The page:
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Roberley Ann Bell


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1. Perfect View, St. Petersburg, 2001
Watermarked paper, handmade from abaca, with Iris print. 24x36 inches, 61x91 centimeters

2. Perfect View #2, 2001
Watermarked paper, handmade from abaca, with Iris print. 24x36 inches, 61x91 centimeters

3. Always the Immigrant, 1998
12x40x8 inches, 30x102x20 centimeters. Screenprinted handmade paper, beeswax

4. Always the Immigrant, 1998


My prints and bookworks are an extension of the themes explored in large scale installations. Over the past decade I have been involved in producing sculpture and site-specific installations that address the issues of time, place, and memory. The locale for these works range from informal pedestrian/street venues to formal museum/gallery settings. Often I imply the sexuality of space through the use of gendered objects, such as mundane vessels and wallpaper in these environments. My interest is to create an environment in which the physicality of space becomes a metaphor for the outside world, and ultimately, the threshold where memory oscillates between the past and the present.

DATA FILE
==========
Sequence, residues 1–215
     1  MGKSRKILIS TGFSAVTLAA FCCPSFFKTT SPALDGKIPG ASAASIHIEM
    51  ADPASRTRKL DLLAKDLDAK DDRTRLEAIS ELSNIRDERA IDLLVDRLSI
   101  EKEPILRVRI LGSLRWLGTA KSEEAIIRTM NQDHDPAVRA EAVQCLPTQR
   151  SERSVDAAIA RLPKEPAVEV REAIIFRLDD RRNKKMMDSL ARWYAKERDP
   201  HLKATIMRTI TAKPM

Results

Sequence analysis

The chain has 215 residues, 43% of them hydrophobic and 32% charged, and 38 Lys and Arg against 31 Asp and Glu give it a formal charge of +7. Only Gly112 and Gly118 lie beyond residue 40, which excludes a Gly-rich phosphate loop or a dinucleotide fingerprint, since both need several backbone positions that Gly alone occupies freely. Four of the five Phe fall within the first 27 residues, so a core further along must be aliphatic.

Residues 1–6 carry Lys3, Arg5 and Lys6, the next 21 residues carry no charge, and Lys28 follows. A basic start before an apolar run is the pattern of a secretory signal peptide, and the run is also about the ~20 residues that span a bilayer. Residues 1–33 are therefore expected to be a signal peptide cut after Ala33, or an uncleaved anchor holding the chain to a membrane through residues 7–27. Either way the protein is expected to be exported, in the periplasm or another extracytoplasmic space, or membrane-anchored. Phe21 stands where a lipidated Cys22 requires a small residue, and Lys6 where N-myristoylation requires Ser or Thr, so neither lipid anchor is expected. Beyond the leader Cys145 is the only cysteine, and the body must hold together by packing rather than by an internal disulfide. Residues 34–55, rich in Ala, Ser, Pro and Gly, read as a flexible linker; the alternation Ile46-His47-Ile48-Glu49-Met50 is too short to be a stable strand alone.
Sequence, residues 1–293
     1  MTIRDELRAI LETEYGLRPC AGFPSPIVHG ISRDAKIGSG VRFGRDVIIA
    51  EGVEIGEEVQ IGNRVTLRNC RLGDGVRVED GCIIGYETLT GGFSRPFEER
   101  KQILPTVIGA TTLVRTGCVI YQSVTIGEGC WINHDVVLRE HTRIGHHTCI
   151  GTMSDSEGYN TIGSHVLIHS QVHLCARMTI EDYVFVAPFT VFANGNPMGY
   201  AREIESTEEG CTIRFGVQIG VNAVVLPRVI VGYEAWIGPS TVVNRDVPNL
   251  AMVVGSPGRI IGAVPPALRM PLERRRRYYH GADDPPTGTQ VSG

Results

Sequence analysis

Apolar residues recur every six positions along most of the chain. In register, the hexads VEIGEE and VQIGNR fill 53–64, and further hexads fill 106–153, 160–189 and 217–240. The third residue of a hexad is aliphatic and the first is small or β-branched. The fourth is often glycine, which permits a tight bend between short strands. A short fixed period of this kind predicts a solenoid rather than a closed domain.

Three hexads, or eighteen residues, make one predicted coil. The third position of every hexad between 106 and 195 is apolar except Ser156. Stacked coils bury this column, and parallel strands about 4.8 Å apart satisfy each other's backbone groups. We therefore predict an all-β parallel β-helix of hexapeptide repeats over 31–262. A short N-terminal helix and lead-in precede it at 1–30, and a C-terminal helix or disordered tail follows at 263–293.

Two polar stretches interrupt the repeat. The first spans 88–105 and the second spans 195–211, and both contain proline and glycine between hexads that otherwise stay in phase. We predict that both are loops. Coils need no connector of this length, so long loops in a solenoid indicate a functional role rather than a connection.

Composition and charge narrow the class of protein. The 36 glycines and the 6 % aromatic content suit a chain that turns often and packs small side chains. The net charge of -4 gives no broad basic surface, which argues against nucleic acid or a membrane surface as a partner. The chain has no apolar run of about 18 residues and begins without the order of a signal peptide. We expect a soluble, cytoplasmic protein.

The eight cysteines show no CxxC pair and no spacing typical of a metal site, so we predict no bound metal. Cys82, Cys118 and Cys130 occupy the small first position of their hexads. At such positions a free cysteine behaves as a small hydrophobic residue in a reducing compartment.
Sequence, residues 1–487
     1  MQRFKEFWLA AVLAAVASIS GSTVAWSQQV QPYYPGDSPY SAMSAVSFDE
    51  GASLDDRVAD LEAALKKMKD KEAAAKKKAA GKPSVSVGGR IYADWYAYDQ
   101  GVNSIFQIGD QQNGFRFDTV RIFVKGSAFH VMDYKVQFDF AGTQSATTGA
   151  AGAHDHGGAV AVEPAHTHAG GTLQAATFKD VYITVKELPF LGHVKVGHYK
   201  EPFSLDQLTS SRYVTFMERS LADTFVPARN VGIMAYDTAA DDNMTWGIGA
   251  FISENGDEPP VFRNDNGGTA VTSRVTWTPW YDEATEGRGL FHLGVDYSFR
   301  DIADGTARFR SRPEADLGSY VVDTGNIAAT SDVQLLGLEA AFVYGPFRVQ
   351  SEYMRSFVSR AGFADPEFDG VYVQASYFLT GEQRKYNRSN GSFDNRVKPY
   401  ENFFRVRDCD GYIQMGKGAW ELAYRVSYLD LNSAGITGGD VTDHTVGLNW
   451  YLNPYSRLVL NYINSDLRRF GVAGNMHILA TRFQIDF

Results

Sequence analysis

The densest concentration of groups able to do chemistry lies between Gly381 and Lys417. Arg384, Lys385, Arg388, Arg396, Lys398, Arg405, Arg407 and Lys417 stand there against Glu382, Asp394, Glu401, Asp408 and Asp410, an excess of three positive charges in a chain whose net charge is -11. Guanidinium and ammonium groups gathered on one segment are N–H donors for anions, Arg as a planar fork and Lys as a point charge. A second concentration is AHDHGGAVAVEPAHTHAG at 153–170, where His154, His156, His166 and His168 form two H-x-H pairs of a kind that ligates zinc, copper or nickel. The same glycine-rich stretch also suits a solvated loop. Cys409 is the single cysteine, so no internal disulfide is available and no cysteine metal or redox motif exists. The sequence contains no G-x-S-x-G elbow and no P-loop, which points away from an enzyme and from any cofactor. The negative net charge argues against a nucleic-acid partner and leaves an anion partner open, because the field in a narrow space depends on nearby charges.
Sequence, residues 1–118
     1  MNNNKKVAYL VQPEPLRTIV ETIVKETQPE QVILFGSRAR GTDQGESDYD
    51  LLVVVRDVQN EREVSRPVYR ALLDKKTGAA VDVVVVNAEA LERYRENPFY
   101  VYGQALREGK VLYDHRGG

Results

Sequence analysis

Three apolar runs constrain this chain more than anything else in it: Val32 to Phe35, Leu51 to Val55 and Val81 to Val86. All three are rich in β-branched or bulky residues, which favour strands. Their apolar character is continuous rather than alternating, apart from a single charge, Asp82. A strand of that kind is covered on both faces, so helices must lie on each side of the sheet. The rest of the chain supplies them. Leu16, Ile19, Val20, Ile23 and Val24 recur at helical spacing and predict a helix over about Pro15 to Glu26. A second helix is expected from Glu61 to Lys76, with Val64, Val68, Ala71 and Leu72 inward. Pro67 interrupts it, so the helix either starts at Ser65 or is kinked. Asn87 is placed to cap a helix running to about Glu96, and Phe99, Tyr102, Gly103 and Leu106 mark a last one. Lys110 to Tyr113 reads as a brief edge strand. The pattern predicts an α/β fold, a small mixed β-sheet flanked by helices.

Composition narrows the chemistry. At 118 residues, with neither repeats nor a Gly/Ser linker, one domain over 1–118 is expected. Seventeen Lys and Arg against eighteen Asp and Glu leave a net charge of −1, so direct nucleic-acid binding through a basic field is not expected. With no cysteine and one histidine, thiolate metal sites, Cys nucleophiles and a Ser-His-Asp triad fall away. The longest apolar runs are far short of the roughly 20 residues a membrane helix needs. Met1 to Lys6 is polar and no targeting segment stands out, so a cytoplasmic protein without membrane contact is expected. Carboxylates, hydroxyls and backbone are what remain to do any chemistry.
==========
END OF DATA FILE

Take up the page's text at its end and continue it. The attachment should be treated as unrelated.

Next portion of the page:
The Perfect View project was created at Dieu Donné Papermill in New York City. It extends my interest in both domesticity and the landscape. The paper pieces are translucent sheets of abaca paper with a floral watermark and an image overprinted. The image is of a distant landscape. The translucent quality of the paper/image evoke the idea of gazing at the landscape through a landscape.

Always the Immigrant was a gallery installation at the Fine Arts Center in Amherst, Massachusetts. Using the diaries of a woman who lived 175 years ago, I have recreated a timeless story of childbirth, labor, and family ties. The 150 miniature houses combine text and visual images of the woman’s life. Accompanying the miniature houses are 300 beeswax forms that resonate of both inner organs and the vessels that feed us.